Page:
July 25, 2018 0 Comments Icings

American Swiss Meringue Buttercream

My journey to American Swiss Meringue Buttercream was an interesting decision

One of the first things I learned doing cakes in a hot climate was that a crusting American buttercream is not always the best route to go.  I’ve done cakes were this budge was present from the middle layer of cakes.  For instance, if you take a look at the bottom or top tier of this cake right in the middle of it you can see a slight pouch of frosting.  

I learned about different types of buttercream when I was in culinary school, but honestly, as a new decorator, this American Crusting buttercream was cheaper and faster to produce.  

Now the year before this cake,  I did a full swiss meringue buttercream on her parent’s wedding cake and there was no budge of icing present on their cake.

So this left me with a pretty interesting predicament.  Swiss Meringue buttercream that required me to separate egg yolks from whites and cook them to a certain temperature over the stove was no time nor cost effective.  Then I came across Shannon Mayes one day on periscope a few years back and my life was changed forever!

She figured out how to make an American Swiss Meringue.  It gives the non-melting properties of a swiss meringue buttercream but carries a nice sweetness like the American crusting buttercream we are accustomed to getting in our local bakeries and grocery store bakeries.

I promise once you try this you will wonder why you hadn’t used it before.

 

American Meringue Buttercream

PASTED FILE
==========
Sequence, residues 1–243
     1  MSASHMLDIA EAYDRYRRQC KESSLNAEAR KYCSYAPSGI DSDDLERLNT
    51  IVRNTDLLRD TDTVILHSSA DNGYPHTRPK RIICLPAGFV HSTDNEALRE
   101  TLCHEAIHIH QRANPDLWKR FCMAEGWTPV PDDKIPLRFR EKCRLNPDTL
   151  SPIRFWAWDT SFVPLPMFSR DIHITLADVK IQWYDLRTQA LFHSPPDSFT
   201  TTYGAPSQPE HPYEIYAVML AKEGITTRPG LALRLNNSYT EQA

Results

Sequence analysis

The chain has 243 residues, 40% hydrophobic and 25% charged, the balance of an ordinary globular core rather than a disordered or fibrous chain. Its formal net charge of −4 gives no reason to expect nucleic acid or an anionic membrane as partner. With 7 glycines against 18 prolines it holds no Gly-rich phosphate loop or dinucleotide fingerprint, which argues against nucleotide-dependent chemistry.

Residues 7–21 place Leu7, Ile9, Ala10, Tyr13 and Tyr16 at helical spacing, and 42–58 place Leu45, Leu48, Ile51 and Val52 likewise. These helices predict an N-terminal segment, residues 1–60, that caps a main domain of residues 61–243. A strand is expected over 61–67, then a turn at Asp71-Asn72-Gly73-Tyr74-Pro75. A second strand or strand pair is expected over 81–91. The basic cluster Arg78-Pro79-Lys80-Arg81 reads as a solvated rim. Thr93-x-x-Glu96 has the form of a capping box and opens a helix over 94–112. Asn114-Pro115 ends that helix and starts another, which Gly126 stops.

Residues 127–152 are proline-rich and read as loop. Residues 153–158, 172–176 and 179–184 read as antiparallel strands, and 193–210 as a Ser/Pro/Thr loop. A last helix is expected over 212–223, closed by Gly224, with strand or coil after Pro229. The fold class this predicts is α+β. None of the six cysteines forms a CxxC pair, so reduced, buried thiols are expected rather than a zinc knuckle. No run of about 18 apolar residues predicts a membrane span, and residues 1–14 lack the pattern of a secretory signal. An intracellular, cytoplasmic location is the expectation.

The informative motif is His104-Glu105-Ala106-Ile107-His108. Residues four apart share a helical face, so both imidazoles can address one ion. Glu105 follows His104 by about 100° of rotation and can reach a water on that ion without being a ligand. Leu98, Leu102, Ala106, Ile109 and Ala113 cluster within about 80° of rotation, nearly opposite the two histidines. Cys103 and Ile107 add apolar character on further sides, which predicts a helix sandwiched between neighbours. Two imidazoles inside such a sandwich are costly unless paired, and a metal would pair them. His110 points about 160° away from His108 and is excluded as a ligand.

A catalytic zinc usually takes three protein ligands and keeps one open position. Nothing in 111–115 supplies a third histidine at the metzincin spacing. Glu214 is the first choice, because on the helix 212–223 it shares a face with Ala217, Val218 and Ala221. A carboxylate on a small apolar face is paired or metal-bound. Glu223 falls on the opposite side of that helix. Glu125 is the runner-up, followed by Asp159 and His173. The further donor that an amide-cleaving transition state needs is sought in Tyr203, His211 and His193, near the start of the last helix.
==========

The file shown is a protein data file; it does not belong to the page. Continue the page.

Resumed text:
The most delicious and non overly sweet buttercream I’ve found in a long time!

  • 1/2 cup heavy cream
  • 1/2 cup pasteurized egg whites
  • 4 tbsp meringue powder
  • 2 lbs powdered sugar
  • 2 lbs unsalted butter (must be room tempreture)
  • 2 tsp butter vanilla emulsion
  • 1 tsp vanilla extract
  1. mix pasteurized egg whites and heavy cream with whisk attachment
  2. add all of the dry ingredients and whisk for 4-5 mins
  3. Add the softened unsalted butter and whisk for another 3-4 mins
  4. Add in the flavoring once the butter is fully incorporated.
  5. Change the whisk attachment to a paddle attachment and beat the frosting for 3-4 min (it’s okay to beat the whisk on the side of the bowl to get the frosting out as it should have a nice peak).

This is an adaptation of the original recipe.  The original recipe called for 1/4 cup heavy cream and 3/4 cup egg whites, but I liked the taste and mouthfeel of the 1/2 and 1/2.

I have found using an emulsion plus vanilla extract gives it more flavor